A bill that would change California’s municipal bankruptcy law again appears to have stalled without support from the Democratic majority leadership in the state Senate.
Senate President Pro Tem Darrell Steinberg said Tuesday he has no plans to refer Assembly Bill 1692 to a committee in the final weeks of the legislative session.
Steinberg said the Legislature doesn’t need another debate on municipal bankruptcy while it is trying to tackle pension reform, according to his spokesman, Mark Hedlund.
“We’re trying to accomplish pension reform and that’s where we want the focus to be and not on something that is a distraction,” Steinberg said.
AB 1692 has been sitting with the Senate rules committee waiting for assignment after passing out of the Assembly at the end of May.
Public employee unions back the bill, sponsored by Assemblyman Bob Wieckowski, D-Fremont. It would alter AB 506, the municipal bankruptcy bill lawmakers passed last year.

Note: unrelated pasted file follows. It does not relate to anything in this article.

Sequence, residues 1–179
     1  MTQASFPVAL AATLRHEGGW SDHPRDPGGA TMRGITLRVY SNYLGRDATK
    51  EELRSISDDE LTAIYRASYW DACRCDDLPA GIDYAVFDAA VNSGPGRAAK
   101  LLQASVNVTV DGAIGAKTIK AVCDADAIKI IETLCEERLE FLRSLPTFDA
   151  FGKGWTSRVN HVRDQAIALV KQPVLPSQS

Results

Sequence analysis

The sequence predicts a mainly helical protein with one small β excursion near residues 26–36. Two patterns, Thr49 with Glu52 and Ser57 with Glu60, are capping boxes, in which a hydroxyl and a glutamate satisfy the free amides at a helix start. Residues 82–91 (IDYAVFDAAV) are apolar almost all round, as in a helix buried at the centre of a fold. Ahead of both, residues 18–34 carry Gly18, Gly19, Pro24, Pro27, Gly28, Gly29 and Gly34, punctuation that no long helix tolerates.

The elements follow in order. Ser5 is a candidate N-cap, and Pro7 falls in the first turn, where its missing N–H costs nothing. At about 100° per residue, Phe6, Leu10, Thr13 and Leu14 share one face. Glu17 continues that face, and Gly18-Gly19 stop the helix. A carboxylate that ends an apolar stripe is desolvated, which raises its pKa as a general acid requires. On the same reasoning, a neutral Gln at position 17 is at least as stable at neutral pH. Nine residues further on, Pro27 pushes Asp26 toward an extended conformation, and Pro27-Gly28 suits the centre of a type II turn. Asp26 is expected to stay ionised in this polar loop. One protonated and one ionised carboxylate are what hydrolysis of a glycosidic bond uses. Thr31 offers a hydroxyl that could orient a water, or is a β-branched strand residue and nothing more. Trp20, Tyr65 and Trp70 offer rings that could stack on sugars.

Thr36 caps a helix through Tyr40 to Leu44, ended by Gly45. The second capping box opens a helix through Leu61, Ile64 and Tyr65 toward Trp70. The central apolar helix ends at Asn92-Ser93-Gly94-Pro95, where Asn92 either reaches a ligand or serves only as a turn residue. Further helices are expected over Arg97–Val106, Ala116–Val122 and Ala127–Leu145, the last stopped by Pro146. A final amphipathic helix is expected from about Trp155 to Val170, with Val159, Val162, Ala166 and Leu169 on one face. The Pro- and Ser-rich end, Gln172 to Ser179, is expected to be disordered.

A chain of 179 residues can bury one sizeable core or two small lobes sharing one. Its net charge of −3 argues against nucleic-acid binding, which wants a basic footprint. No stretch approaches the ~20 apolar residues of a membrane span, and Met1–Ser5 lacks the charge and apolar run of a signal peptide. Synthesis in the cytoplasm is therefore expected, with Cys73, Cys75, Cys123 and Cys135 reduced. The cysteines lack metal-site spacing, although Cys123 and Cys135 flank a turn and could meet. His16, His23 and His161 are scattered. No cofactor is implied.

The bill, also sponsored by Wieckowski, in most cases requires that local governments participate in a mediation process with creditors before being allowed to make a Chapter 9 bankruptcy filing.
Provisions in this year’s bill would include extending the power of mediators during the process.
Critics say it would just further complicate a new process.
Local government lobbying groups have said Wiekowski’s new legislation would give the mediator too much power and allow parties involved in the talks to delay negotiations without the consent of the municipality.
Stockton and Mammoth Lakes have used the mediation process outlined in AB 506 before entering bankruptcy. San Bernardino bypassed mediation by declaring a fiscal emergency, an exception permitted under AB 506.